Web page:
Granite countertops are durable and require minimal maintenance. However, to keep granite stain resistant, you need to seal it periodically.
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Granite is an igneous rock, which means it was formed from molten rock material, specifically quartz, feldspar, mica, amphiboles, and other minerals. As the molten material cooled, tiny gaps formed between the individual crystals, creating pores in the rock. In granite's natural condition, it absorbs liquid through those pores.
Granite is relatively nonporous compared to other countertop materials, yet it requires a sealer to make the countertop stain-resistant. The sealer creates a barrier that prevents absorption of food and liquids.
How Frequently Should I Seal Granite?
Generally, granite countertops require an annual application of sealer. However, various factors contribute to the frequency. One factor is porosity. Lighter colored granite tends to be more porous; therefore, it may require more frequent applications. The second factor is regular wear and cleaning routines. Acidic food spills and acidic cleaning solutions (such as vinegar) gradually degrade granite sealer. In addition, food preparation zones may need sealer more frequently than a raised bar used to serve food.
The final factor is the sealer itself. Some professional grade sealers may last up to ten years. Some tips for determining types of sealers:
- If you're installing new granite, ask the installer which sealer they use and how soon you should reapply it.
- If you're sealing an existing granite countertop, whether using a water-based or solvent-based product, look for the active ingredient fluorocarbon aliphatic resin. Although the product will be more expensive than sealers containing siloxane and silicon, it will provide five to ten years of protection rather than six months to three years. Also, fluorocarbon aliphatic resins repel oil as well as water, so the countertop will be protected from things such as salad dressing spills and greasy pizza boxes.
Perform the Water Test
On a properly sealed granite surface, water should bead up rather than soaking into the pores. To test the surface, pour one or two tablespoons of water on the granite in different areas. After three minutes the water should still be beaded on the top instead of soaking into the granite. Check again after fifteen minutes. Is there a dark mark or ring? If so, it's time to apply a sealer.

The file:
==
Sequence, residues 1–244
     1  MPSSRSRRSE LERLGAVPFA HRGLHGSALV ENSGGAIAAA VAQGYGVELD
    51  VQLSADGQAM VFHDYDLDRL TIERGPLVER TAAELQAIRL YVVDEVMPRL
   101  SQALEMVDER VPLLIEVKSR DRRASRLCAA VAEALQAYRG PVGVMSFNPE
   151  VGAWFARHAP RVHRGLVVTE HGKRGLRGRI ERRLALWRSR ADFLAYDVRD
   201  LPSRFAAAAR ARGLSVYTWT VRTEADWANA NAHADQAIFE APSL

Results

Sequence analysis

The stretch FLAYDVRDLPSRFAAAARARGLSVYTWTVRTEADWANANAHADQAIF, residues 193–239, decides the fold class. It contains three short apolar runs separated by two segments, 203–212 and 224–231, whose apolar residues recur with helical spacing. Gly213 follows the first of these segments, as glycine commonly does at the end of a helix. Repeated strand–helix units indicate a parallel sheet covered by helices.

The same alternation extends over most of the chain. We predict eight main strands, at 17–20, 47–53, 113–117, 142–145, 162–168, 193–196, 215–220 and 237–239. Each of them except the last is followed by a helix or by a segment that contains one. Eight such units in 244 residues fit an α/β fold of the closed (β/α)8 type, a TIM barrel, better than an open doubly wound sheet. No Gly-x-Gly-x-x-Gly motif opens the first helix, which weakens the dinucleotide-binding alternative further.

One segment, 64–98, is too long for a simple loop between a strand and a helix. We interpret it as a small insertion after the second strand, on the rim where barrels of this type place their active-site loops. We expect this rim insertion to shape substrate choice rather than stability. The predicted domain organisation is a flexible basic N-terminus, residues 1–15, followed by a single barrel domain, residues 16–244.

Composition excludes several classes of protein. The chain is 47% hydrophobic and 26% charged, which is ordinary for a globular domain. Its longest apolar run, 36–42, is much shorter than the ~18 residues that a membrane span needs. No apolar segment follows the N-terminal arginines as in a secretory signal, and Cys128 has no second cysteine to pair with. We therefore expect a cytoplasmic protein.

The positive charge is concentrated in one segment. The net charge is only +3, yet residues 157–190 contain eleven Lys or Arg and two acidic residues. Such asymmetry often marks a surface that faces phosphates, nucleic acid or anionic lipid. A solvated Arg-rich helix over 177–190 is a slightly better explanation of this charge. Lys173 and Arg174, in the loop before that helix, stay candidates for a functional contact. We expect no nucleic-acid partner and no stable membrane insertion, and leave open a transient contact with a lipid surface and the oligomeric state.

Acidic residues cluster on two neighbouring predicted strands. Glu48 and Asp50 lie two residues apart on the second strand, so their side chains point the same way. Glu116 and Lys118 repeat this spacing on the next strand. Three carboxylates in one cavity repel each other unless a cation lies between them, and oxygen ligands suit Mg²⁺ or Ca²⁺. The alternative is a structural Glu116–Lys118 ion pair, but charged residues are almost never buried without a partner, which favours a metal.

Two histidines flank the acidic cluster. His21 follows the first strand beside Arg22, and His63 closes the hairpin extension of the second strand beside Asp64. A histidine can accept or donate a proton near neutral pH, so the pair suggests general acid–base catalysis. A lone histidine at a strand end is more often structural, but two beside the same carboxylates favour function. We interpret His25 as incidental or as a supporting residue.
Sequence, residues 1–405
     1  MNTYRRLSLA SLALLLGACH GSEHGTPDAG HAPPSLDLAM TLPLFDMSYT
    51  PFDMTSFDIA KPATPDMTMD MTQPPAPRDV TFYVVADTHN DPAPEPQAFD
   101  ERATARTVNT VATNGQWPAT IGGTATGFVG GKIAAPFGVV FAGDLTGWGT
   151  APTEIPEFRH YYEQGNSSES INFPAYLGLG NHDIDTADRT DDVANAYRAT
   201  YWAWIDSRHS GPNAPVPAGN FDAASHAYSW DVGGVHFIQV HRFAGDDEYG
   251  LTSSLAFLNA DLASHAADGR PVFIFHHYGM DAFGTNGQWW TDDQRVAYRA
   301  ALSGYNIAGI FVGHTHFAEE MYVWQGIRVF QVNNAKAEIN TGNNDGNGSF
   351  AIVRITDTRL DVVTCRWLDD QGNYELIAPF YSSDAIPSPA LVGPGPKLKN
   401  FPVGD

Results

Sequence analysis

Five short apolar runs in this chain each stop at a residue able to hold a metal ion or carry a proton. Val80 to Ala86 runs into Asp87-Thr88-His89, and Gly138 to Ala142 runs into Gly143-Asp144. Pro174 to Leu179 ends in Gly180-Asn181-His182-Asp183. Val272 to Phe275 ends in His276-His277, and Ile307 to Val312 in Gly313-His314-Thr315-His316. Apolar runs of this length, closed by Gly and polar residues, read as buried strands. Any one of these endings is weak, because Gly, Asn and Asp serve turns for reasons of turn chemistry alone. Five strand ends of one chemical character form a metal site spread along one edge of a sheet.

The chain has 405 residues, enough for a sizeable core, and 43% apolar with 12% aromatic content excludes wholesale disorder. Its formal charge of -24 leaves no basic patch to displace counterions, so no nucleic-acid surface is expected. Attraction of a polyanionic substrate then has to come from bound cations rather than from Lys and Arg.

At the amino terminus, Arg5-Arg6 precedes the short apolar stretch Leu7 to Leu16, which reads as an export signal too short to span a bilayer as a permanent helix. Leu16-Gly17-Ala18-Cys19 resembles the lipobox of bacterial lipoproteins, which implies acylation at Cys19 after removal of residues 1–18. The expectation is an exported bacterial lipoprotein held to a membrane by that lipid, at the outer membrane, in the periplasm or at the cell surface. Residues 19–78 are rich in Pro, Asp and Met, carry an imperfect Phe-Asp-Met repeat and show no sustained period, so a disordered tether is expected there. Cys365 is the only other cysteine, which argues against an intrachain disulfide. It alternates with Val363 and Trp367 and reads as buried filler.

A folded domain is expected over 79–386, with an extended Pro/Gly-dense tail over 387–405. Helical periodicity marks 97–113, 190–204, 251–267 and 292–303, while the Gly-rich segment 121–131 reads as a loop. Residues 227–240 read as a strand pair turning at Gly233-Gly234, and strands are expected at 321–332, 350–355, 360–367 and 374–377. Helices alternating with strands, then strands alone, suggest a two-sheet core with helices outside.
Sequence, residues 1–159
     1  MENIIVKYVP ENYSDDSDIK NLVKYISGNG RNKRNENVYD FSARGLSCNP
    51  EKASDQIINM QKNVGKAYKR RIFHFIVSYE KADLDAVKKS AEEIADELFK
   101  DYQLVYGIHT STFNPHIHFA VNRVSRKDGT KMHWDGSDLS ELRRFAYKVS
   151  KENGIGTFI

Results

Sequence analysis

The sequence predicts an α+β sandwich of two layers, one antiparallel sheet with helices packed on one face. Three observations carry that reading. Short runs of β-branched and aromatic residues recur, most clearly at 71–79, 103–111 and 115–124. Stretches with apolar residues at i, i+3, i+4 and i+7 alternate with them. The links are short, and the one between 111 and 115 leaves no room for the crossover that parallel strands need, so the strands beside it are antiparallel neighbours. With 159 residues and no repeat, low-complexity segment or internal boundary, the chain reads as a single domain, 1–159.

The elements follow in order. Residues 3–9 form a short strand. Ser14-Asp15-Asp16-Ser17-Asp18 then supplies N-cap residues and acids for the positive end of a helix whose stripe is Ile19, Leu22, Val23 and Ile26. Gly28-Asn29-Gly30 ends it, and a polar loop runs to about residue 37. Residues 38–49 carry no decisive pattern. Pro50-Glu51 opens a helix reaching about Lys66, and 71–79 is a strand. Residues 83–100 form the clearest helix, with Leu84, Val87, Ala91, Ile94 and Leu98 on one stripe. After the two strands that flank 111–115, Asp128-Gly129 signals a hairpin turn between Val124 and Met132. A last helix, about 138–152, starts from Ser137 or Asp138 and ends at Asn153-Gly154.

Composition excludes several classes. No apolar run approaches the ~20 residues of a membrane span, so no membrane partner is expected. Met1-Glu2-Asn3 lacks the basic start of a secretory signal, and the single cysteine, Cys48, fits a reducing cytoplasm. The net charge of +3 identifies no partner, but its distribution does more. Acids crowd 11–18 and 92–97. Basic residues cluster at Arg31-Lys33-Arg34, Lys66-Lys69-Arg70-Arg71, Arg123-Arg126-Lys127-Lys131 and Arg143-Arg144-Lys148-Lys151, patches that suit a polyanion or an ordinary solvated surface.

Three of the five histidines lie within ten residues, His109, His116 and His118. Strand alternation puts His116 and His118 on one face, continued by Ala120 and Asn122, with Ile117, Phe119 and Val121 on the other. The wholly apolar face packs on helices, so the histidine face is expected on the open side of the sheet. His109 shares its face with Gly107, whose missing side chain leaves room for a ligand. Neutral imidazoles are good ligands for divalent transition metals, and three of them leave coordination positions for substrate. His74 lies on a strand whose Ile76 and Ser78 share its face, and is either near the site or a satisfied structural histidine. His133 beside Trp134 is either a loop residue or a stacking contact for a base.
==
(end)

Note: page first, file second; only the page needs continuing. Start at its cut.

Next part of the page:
If you apply a sealer before it's needed, the granite isn't harmed. However, additional sealer might create a hazy film.
How to Seal Granite
Sealing granite is a simple process that protects the investment you made in your home. Regular sealing, done properly, will prevent stains and keep the natural stone looking its best.
Step 1: Gather Materials
The materials needed to seal a granite countertop are easy to obtain, but make sure you have them all on hand before you begin:
- Microfiber cloths or clean rags
- Granite cleaner (or make your own, using a one-pint spray bottle, liquid dishwashing detergent, and isopropyl alcohol)
- Granite sealer
- Rubber gloves
- Flat utility knife (optional)
- Extra fine steel wool (optional)
- Granite stain remover (optional)
Step 2: Prepare the Surface
First, look for any hard water deposits near the faucet? If they are present, use a flat utility knife to cut away these mineral deposits. Apply gentle pressure and hold the blade flat against the surface; wipe the surface dry. If a small amount of mineral deposit remains, complete the task by gently rubbing it off with extra fine steel wool, then wipe with a clean, dry cloth.
Next, examine the surface for stains? Purchase a granite stain remover (sometimes referred to as a poultice) and follow the manufacturer's directions. Typically, you will apply the remover and let it dry; as it dries, the remover draws out the food or liquid from the granite's pores.
As the final preparation step, clean the entire countertop 24 hours before sealing, so cleaning agents evaporate out of the pores that will need to absorb the sealant:
- Remove all items from the surface and wipe with a dry cloth to remove dust.
- Spray with either a granite cleaner or mix your own in a one-pint spray bottle. Combine one teaspoon dishwashing detergent, two tablespoons isopropyl alcohol, and enough cool water to fill the spray bottle.
- Spray a section of the counter and wipe the cleaner from the countertop with a clean cloth, using a circular motion. Continue the process until the entire countertop is clean.
- Allow the surface to dry for 24 hours.
Apply the Sealer
- After the 24-hour drying period, select a small test area. Follow the instructions on the sealer label.
- Apply the sealer and then rub it evenly on the granite with a clean cloth. (A pour bottle can be easier to control than a spray bottle. If you use a spray sealer, protect other surfaces, such as cabinets, floors, and walls.)
- Per the label instructions, allow the sealer to dry, usually for 15 to 20 minutes. If the area is discolored, remove the remaining sealer and consult a store associate who sold the product. If the surface looks great, continue applying the sealer, working in sections, until you've applied sealer to the entire surface.
- Wait for the recommended absorption period and then wipe off any excess sealer with a clean, dry cloth. Follow with a second coat if recommended by the manufacturer.
- Allow the sealer to cure for 48 hours before returning items to the counter or allowing the counter to get wet.
Maintain the countertop by wiping up spills as they occur with soapy water and then drying the surface. Use the remaining granite cleaner on a monthly basis to keep the countertop looking like new.